On September 28th, China began five military exercises simultaneously along different parts of its coast.
Two of the exercises are being held near the Paracel Islands in the disputed South China Sea, one in the East China Sea, and one in further north in the Bohai Sea, the Maritime Safety Administration said in notices on its website.
In the southern part of the Yellow Sea, drills including live-fire exercises will be held between September 28th and 30th, it said in another notice.
All ships are prohibited from entering the area, it said.
It is rare that several exercises happen at the same time, but it is likely a result of increased rhetoric from the side of Taiwan, as well as the approval of various weapons sales by the US.
In August, China announced four separate exercises, from the Bohai Sea to the East and Yellow Seas and down to the disputed South China Sea, in what Chinese military experts said was a rare arrangement of drills.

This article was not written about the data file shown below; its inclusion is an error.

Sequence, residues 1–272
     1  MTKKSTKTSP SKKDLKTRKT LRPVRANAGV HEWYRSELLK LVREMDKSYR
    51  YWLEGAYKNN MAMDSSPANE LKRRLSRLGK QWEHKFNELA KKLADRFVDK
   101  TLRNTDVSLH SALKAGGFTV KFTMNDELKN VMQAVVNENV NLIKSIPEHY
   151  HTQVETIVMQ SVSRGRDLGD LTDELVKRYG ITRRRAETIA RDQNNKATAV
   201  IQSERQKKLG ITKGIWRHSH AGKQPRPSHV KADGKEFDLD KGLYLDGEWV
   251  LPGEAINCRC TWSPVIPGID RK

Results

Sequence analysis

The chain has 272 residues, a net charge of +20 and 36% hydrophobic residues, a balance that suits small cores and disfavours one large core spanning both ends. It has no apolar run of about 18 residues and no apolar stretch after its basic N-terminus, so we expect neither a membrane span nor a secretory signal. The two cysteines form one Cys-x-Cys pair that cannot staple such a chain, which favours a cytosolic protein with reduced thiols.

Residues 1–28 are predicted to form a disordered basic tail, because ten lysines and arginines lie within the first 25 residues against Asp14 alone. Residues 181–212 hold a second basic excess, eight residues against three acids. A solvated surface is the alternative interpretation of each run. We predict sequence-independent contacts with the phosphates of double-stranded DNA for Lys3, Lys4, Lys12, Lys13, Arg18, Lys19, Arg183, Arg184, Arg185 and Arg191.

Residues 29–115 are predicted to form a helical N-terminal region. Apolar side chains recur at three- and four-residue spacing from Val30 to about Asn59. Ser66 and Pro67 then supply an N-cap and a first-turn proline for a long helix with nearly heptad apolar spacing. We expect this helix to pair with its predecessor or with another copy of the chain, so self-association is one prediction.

The United States sent spy planes into a no-fly zone over Chinese live-fire military drills. In response, China lodged “stern representations” with the United States.
On September 27th, a US state department statement said China has “pursued a reckless and provocative militarization” of disputed outposts in the South China Sea’s Spratly Islands, adding that China’s governing Communist Party “does not honor its words or commitments”.
In response, Chinese foreign ministry spokesman Wang Wenbin on Monday said US military actions have made it “the biggest threat to the peace and stability of the South China Sea”.
China has also held frequent military activities near Taiwan, declaring that the drills were directed at the island Beijing considers part of its territory.
On September 25th, Taiwan’s defense ministry said China threatened to or entered its airspace 46 times in the past nine days.
In earlier September, an Indonesian patrol ship confronted a Chinese coastguard vessel that spent almost three days in waters Indonesia claims as an exclusive economic zone and are near the southernmost part of the South China Sea.
MORE ON THE TOPIC:
- As Taiwan – China Tensions Remain High, New Japanese PM Urges Regional Stability
- China Will “Definitely Start A Just War” If US Troops Return To Taiwan: State Media